Vaccine exemptions still leave work to be done

Friday, October 20, 2017
Chris Woodward (

getting a vaccination vaccine injectionThe vaccine debate has been around for years – and the end appears to be nowhere in sight.

There are complex reasons for viewpoints on both sides of the vaccine debate. Connie Johnson of Michigan For Vaccine Choice says one reason people may be leery of vaccines is because people respond to things in different ways.

"One person can die from a bee sting, and one person could die from peanuts," she explains. "So it only makes sense that somebody might have an adverse reaction to something that's found in vaccinations."

As a result, Johnson believes a parent should choose for their child whether to vaccinate fully, not at all, or something in between.

"That parent has the right to make that medical decision for the medical intervention to be made for their child," Johnson continues.

Waivers for vaccination requirements may be available depending on the state. One state may offer a waiver that a neighboring state doesn't. For example, Michigan offers three types of waivers: one a medical waiver, the other two religious and philosophical waivers. However, the National Vaccine Information Center (NVIC) says Indiana offers only medical and religious exemptions.

Meanwhile, Dr. Cheyn Onarecker, a family physician and healthcare ethics consultant in Oklahoma City, recommends vaccines according to the current guidelines for children as well as adults.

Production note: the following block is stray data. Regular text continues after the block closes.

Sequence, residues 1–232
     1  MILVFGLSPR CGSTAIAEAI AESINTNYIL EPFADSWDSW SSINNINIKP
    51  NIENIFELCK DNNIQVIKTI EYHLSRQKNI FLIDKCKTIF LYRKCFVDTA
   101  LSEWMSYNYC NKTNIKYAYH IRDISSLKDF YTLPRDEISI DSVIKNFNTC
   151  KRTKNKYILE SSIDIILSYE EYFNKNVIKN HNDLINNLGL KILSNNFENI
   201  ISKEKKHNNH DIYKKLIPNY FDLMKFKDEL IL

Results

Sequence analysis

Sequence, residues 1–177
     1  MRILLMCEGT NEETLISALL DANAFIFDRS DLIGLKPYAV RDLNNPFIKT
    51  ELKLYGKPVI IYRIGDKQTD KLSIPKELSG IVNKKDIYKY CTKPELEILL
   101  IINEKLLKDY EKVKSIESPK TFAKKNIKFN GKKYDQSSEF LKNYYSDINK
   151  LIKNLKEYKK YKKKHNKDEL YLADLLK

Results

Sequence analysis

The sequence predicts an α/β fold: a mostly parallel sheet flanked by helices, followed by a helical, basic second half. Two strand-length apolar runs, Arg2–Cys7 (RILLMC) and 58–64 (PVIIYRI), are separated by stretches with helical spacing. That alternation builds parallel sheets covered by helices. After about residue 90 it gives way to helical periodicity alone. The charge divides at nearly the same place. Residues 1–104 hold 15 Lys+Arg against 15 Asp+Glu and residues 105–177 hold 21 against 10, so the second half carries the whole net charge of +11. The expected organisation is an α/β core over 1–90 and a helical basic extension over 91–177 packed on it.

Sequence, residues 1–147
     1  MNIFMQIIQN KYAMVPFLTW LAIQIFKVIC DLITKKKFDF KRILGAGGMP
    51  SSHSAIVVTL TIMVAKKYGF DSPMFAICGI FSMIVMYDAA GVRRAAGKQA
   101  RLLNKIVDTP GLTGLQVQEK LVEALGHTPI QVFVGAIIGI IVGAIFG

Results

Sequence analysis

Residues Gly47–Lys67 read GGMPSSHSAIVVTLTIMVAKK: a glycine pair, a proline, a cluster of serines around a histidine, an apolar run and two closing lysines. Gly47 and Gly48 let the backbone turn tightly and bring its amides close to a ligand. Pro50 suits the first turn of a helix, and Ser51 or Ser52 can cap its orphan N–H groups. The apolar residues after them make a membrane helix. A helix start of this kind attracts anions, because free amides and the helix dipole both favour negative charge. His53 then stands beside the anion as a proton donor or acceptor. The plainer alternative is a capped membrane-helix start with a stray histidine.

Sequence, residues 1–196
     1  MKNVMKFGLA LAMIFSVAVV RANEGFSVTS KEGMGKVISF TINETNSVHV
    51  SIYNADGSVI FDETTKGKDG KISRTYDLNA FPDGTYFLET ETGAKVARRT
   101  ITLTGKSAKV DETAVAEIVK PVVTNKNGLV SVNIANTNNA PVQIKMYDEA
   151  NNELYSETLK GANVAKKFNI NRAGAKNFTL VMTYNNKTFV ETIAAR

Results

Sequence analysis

"Those vaccines have been approved by the FDA and are recommended by advisory committee on infectious practices, immunization practices," he explains. "I certainly do not recommend avoiding them or refusing to get them except in specific situations, and the guidelines specify those."

doctor writing prescriptionOnarecker adds that there are things we can do as members of society in order to keep each other safe. Vaccinations, he says, are one of those things.

"As far as parental rights, I've got six children – [so] I get it," he says. "You want to make decisions for your children that you think are in their best interest to keep them safe, keep them healthy. But at the same time you run the risk of causing severe illness in others by your decisions.

"Religious reasons? I get that those are important, but I think those decisions still need to be based on the best information out there – and from what I've read, what I've seen, it doesn't seem like that's what's happening."

Johnson, however, says things are happening to influence people's decisions. She recommends people do their own research. Both Johnson and Onarecker suggest that for more information people visit the Centers for Disease Control website.

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